Continuing Physician Education: A Key Lynchpin in Quality Care

AUG 27

In doing some recent research regarding the latest innovations in decision support tools, I ran across a 2005 article published in the American College of Physicians.  Their report found that while it may seem intuitive that the most-clinically experienced doctors provide the best care to patients, the number of years in practice does not always correlate to providing the “best” care.

In fact, they found an “inverse relationship between the number of years that a physician has been in practice and the quality of care that the physician provides.” This study asserted that doctors should continuously update and supplement their ‘medical knowledge base’ to ensure that they are properly equipped with the most contemporary medical information and findings as well as best practices to provide patients with the optimal level of care.

It’s not controversial to state the informed doctors, those with the most recent and relevant medical information are best suited to asses, treat, and prescribe the appropriate course of care for patients.  They’re connectedness to current research, studies, and practices for treating patients and recommending care plans is directly correlated to their time spent collaborating with colleagues, accessing online resources and furthering their medical education.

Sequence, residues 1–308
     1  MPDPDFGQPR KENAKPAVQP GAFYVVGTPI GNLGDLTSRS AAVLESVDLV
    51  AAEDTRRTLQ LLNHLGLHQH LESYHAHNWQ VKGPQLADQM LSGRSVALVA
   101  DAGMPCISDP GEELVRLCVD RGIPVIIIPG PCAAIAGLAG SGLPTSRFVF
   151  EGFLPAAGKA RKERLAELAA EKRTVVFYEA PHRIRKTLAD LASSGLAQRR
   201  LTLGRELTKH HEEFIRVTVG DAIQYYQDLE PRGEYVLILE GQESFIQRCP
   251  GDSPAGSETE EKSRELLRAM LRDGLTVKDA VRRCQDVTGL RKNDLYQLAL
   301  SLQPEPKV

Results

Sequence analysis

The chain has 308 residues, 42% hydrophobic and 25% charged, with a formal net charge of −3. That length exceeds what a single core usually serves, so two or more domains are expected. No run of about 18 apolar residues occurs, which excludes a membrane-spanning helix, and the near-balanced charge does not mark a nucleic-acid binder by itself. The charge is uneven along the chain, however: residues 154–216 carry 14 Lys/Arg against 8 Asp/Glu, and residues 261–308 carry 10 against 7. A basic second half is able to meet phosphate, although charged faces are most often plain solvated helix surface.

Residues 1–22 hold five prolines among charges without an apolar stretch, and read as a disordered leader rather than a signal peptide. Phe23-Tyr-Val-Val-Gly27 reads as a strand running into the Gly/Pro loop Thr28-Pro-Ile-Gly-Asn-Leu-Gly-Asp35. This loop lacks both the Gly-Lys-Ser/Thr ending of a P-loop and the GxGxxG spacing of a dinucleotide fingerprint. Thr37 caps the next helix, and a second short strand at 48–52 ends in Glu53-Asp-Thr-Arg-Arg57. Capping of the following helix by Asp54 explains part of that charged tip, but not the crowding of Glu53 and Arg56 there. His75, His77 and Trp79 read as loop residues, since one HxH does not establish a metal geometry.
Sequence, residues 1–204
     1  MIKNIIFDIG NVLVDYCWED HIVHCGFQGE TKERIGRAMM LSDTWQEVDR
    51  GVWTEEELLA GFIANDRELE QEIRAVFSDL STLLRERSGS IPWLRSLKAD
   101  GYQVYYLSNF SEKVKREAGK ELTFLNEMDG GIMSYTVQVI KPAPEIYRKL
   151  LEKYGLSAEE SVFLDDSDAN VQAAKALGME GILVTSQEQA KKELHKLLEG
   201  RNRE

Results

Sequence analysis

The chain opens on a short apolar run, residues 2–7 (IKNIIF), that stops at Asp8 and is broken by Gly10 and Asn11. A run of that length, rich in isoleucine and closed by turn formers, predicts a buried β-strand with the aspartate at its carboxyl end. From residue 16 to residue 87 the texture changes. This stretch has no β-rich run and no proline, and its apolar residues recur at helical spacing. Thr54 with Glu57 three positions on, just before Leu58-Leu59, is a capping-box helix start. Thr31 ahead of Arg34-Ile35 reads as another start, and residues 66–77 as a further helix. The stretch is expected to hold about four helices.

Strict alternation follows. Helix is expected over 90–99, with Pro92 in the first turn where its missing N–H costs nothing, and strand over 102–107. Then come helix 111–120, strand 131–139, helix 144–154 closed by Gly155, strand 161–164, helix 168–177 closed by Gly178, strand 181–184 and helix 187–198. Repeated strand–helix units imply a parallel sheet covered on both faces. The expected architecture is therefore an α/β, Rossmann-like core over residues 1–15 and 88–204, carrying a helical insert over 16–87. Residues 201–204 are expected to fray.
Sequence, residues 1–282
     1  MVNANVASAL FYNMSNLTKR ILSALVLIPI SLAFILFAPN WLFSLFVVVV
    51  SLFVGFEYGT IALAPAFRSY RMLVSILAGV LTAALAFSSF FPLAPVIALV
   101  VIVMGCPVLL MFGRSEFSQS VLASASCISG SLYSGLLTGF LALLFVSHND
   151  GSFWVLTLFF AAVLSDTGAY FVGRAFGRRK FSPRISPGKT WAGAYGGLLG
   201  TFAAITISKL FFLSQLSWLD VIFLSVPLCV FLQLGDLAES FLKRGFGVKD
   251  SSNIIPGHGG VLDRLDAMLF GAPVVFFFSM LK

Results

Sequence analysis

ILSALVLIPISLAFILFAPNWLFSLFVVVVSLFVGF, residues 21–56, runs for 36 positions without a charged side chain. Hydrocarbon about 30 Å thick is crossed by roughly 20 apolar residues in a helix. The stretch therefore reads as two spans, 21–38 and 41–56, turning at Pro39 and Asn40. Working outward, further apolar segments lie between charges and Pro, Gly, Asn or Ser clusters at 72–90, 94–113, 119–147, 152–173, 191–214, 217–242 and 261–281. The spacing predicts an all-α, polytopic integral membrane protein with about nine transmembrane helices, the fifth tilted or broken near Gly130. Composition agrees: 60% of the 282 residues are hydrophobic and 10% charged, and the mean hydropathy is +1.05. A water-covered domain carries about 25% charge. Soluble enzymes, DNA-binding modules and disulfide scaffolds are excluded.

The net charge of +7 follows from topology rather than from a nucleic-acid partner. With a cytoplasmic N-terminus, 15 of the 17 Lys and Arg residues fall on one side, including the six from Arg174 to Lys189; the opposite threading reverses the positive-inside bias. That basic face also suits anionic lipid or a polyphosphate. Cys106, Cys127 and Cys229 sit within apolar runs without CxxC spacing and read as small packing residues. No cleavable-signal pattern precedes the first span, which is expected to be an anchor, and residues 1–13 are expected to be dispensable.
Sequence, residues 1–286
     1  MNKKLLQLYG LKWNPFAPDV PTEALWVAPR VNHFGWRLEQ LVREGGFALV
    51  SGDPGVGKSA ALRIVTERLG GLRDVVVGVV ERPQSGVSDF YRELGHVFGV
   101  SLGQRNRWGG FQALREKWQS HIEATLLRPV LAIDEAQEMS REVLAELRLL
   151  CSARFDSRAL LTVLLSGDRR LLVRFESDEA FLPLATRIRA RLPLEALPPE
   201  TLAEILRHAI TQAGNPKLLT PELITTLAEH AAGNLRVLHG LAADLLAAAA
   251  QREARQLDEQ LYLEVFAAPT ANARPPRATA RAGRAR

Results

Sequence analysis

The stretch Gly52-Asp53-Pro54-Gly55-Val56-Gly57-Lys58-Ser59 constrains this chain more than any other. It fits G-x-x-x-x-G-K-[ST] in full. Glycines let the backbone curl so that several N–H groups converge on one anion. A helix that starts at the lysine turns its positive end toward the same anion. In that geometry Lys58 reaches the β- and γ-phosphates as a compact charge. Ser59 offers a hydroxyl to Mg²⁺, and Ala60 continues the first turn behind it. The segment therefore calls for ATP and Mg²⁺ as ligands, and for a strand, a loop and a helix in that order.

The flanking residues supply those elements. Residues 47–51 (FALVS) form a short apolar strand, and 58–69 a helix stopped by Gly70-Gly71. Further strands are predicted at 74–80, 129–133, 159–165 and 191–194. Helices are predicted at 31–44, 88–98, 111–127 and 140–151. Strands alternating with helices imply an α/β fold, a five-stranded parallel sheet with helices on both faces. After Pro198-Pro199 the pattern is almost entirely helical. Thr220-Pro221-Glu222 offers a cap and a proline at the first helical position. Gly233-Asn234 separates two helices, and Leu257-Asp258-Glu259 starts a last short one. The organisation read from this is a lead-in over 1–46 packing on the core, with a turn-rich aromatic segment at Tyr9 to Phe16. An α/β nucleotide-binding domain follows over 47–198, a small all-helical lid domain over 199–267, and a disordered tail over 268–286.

Continuing Medical Education (CME) is required for state licensure and was a $2 billion industry in 2009.  Curiously, we’re finding a disconnect between what physicians may find as informative and versus a more structured approach to identifying a curriculum to best help them improve the care they are providing.  Innovative, technology-enabled CME companies are using analytics to align both curriculum and performance-improvement tools to:

  • Educates physicians
  • Analyzes their practice patterns, and
  • Identifies areas where additional training or educational information may help bolster a specific area of knowledge for the doctor, and ultimately improve the care he or she provides.

Ensuring doctors are properly prepared to provide effective, outcome-driven care is priority for physicians, hospitals and IDNs, but requires tech-enabled coordination between physicians, faculty, patients and other vendors.

Will the social-media centric physician networking tools like Vitals and PPN step forward to play a role in physician education?  As the quality of education improves and innovation continues, look for more insights from our team in this area.

Until then, let us know what you think.

Jamie Lockhart
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